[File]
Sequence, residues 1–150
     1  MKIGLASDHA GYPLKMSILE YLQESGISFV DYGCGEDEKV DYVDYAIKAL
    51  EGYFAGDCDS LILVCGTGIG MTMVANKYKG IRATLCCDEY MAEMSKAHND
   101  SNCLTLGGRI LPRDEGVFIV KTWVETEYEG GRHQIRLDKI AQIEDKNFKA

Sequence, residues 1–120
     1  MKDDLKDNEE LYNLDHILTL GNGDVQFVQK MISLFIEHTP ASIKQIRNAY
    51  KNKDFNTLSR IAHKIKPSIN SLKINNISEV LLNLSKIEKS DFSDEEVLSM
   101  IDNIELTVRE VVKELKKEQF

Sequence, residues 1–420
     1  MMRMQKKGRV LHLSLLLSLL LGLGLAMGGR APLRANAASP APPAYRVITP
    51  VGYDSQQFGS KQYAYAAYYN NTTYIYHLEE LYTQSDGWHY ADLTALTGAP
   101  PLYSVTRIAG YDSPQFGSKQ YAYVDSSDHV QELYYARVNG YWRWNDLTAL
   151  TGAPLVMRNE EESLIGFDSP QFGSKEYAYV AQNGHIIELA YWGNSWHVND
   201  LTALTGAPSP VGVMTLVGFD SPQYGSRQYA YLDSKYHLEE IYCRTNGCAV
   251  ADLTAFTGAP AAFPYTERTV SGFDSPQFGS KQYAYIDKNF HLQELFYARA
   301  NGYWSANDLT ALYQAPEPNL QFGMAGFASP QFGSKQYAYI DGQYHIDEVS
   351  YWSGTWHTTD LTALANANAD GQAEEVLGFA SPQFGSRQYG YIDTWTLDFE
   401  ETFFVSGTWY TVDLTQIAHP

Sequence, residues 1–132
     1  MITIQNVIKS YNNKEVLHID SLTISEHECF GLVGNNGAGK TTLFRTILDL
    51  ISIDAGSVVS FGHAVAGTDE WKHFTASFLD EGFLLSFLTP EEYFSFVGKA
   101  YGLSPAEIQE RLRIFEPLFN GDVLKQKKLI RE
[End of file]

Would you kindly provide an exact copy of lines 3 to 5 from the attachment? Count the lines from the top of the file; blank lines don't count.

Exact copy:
    51  EGYFAGDCDS LILVCGTGIG MTMVANKYKG IRATLCCDEY MAEMSKAHND
   101  SNCLTLGGRI LPRDEGVFIV KTWVETEYEG GRHQIRLDKI AQIEDKNFKA

Sequence, residues 1–120